The reliability and concurrent validity of PainMAP software for automated quantification of pain drawings on body charts of patients with low back pain

Leticia Amaral Corrêa, Juliana Valentim Bittencourt, Arthur de Sá Ferreira, Felipe José Jandre Reis, Renato Santos de Almeida, Leandro Alberto Calazans Nogueira*

*Corresponding author for this work

Research output: Contribution to journalArticlepeer-review

1 Citation (Scopus)

Abstract

Background: The assessment of painful areas through printed body charts is a simple way for clinicians to identify patients with widespread pain in primary care. However, there is a lack in the literature about a simple and automated method designed to analyze pain drawings in body charts in clinical practice.

Purpose: To test the inter- and intra-rater reliabilities and concurrent validity of software (PainMAP) for quantification of pain drawings in patients with low back pain.

Methods: Thirty-eight participants (16 [42.10%] female; mean age 50.24 [11.54] years; mean body mass index 27.90 [5.42] kg/m2; duration of pain of 94.35 [96.11] months) with a current episode of low back pain were recruited from a pool of physiotherapy outpatients. Participants were instructed to shade all their painful areas on a body chart using a red pen. The body charts were digitized by separate raters using smartphone cameras and twice for one rater to analyze the intra-rater reliability. Both the number of pain sites and the pain area were calculated using ImageJ software (reference method). The PainMAP software used image processing methods to automatically quantify the data from the same digitized body charts.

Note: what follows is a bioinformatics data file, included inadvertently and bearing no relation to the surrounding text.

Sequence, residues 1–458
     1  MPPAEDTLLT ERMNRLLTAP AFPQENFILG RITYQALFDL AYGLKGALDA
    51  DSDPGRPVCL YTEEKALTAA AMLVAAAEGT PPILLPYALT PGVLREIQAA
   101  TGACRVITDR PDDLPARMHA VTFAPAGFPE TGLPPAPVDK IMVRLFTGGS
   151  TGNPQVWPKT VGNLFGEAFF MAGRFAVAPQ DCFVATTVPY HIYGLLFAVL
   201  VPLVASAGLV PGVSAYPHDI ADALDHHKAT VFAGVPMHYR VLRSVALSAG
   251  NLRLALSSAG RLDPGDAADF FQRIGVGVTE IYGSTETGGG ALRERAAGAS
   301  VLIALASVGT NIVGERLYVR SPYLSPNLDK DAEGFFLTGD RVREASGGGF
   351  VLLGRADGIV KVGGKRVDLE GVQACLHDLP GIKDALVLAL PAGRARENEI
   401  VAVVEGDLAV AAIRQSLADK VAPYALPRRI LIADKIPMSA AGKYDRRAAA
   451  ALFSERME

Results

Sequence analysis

Results: The reliability analyses revealed that PainMAP has excellent inter- and intra-rater reliabilities to quantify the number of pain sites (intraclass correlation coefficient [ICC]2,1: 0.998 [95% confidence interval (CI) 0.996 to 0.999]; ICC2,1: 0.995 [95% CI 0.991 to 0.998]) and the pain area [ICC2,1: 0.998 (95% CI 0.995 to 0.999); ICC2,1: 0.975 (95% CI 0.951 to 0.987)], respectively. The standard error of the measurement was 0.22 (4%) for the number of pain sites and 0.03 cm2 (4%) for the pain area. The Bland-Altman analyses revealed no substantive differences between the 2 methods for the pain area (mean difference = 0.007 [95% CI −0.053 to 0.067]).

Conclusion: PainMAP software is reliable and valid for quantification of the number of pain sites and the pain area in patients with low back pain.
Original languageEnglish
Pages (from-to)462-470
Number of pages9
JournalPain Practice
Volume20
Issue number5
DOIs
Publication statusPublished - Jun 2020
Externally publishedYes

Keywords

  • low back pain
  • validation study
  • reliability
  • pain measurement
  • pain

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